We are concerned about the way in which the national government is pressing forward with the project as if it is overriding resistance from local residents and creating a fait accompli one after another.

To avoid further deepening the rift within Okinawa, the central government should suspend the boring survey to see how voters in the southernmost prefecture will react to the project through the Nov. 16 Okinawa gubernatorial election.
The national government initially planned to launch a boring survey in 2004 but its attempt was blocked by opponents. As such, the government is guarding the site by designating a larger area off Henoko as an off-limit zone, and has come under fire from opponents of the project and others for being on excessively high alert.

The government's tough stance is supported by the fact that Gov. Hirokazu Nakaima granted the government permission to reclaim offshore areas of Henoko.

However, Nakaima deserves criticism that he violated his campaign pledge that he would stick to his demand that Futenma base, situated in a densely populated area of the city of Ginowan, be moved out of the prefecture.

Numerous Okinawa residents reacted sharply to Nakaima's about-face. In January this year, Nago voters re-elected Mayor Susumu Inamine, who is opposed to the relocation of Futenma base to Henoko, while pro-mayor candidates won a majority in the municipal assembly in a recent election.

Furthermore, the prefectural assembly adopted a resolution on Sept. 3 protesting against the national government for going ahead with the boring survey and calling for an immediate halt to the work, with the support of not only four opposition parties but also New Komeito that supports Nakaima.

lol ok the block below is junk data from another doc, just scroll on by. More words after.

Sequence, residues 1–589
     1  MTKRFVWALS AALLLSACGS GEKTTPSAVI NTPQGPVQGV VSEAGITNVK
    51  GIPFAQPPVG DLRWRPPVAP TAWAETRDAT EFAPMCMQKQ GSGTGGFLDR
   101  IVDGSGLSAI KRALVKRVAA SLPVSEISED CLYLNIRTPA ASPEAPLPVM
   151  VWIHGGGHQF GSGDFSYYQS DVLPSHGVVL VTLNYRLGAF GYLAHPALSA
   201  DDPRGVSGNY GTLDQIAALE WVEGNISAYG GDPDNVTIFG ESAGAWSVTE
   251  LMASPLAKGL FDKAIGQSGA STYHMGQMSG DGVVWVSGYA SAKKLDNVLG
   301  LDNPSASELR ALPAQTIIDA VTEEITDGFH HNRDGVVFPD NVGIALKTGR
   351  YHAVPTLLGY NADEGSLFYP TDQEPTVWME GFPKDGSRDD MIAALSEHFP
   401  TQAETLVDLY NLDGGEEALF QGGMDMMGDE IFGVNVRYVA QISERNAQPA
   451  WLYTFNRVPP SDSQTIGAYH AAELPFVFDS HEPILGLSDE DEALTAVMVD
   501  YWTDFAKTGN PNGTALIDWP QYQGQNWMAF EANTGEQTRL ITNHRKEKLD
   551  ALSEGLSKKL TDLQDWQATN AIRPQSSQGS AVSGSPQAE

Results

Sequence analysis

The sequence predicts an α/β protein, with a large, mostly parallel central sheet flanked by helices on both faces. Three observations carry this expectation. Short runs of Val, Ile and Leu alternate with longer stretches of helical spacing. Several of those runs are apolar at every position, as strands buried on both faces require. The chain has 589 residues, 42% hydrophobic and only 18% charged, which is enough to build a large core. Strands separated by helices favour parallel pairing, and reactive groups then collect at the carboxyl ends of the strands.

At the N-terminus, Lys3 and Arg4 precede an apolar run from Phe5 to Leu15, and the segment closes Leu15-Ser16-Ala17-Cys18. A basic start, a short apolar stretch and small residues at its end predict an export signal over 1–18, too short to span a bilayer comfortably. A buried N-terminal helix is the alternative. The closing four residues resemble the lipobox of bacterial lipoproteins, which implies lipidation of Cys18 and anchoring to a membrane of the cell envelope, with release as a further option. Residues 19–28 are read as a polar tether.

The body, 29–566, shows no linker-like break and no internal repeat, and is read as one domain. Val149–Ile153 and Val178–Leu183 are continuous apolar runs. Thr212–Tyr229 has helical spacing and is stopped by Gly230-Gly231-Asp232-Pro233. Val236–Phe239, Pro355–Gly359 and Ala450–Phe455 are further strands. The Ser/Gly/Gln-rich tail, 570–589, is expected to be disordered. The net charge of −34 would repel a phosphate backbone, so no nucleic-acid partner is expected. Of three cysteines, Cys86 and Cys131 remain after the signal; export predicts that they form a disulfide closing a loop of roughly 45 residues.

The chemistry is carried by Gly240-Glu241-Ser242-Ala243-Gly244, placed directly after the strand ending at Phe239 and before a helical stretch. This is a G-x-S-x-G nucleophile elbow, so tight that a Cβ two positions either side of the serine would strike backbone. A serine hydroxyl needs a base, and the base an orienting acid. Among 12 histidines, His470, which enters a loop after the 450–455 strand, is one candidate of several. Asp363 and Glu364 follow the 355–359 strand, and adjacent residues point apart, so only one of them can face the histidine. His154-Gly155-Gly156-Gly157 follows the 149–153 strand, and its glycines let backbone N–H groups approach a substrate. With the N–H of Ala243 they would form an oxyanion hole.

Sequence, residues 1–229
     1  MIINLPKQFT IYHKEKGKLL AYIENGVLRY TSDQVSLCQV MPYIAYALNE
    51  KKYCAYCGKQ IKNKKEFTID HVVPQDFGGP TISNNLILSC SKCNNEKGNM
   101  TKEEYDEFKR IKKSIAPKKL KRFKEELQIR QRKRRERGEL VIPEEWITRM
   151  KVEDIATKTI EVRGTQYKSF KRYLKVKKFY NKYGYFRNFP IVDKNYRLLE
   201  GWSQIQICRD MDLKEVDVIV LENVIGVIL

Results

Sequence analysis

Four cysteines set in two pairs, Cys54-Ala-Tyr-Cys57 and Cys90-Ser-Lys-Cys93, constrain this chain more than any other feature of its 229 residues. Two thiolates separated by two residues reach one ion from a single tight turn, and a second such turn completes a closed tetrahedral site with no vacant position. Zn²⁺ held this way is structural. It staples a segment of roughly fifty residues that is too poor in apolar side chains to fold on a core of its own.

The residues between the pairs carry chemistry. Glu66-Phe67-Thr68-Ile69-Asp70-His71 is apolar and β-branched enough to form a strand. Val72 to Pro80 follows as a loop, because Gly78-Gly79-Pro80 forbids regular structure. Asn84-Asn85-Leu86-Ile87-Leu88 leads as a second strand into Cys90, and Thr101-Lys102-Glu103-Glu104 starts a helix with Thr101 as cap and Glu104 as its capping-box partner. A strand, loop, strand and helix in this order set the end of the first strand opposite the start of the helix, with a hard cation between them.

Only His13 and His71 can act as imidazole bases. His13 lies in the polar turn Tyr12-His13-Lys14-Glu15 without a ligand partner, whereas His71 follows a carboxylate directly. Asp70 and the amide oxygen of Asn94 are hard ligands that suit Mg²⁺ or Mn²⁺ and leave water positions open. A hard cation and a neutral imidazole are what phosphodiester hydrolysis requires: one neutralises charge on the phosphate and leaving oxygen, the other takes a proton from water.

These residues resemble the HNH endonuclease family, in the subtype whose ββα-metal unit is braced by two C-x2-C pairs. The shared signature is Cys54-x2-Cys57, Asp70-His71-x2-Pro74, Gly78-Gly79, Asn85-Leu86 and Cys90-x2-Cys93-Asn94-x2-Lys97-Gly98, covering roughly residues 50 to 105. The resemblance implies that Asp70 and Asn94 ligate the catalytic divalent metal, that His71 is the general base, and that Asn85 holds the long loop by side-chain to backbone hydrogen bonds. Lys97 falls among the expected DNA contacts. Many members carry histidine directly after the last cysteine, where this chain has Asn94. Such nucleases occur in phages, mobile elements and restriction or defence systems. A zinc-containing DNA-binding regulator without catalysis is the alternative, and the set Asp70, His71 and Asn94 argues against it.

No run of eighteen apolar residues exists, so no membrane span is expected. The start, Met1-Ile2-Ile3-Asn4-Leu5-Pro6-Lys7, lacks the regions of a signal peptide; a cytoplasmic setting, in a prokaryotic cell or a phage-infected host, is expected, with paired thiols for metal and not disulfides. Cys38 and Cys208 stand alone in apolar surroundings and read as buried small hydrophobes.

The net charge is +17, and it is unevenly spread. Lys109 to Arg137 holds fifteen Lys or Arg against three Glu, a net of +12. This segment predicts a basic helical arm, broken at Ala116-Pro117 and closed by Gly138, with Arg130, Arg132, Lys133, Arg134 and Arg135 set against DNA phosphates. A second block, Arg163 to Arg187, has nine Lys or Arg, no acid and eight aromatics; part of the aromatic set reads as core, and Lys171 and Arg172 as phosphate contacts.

Such being the case, whether Nakaima's decision reflects local residents' views on the issue will be a key point of contention in the upcoming gubernatorial race.

However, the government of Prime Minister Shinzo Abe appears unwilling to listen to local communities' opinions on the issue.

Rather, it appears that the stiffer local residents' opposition grows to the project, the further the Abe administration presses forward with the work on the substitute facility for Futenma base in a bid to prevent Nakaima's possible election loss from adversely affecting the project.

Chief Cabinet Secretary Yoshihide Suga told a recent news conference, "Primary attention had been focused on whether the Okinawa Prefectural Government would approve the reclamation, but it's already a past concern." However, the remark Suga made as if he dismissed opposition to the project can hardly convince local residents.

In an article he contributed to the U.S. news site The Huffington Post last month, former U.S. Assistant Secretary of Defense Joseph Nye pointed out that as China's ballistic missile technology advances, U.S. bases in Okinawa Prefecture become increasingly vulnerable. He also pointed to Okinawa residents' anger at the burden of U.S. bases on them, and called for reconsidering the structure of the Japan-U.S. alliance, such as the way U.S. forces should be deployed in the Japanese archipelago.

Why does the national government view the planned construction of a substitute facility for the Air Station Futenma off Henoko as the only way to settle the issue of relocating the base while even an expert in diplomacy and security like Nye has made such a proposal?

The government bears responsibility to provide a sufficient explanation to Okinawa residents. As such, the boring survey should be put on hold until after the gubernatorial election.

毎日新聞 2014年09月20日 02時30分


社説:IWC総会 守るべきは湾岸捕鯨だ

September 17, 2014(Mainichi Japan)
Editorial: Japan must give up Antarctic whaling, focus on preserving coastal hunt
社説:IWC総会 守るべきは湾岸捕鯨だ

The Japanese government will unveil plans to resume research whaling in the Antarctic Ocean at the International Whaling Commission meeting now in session in Slovenia.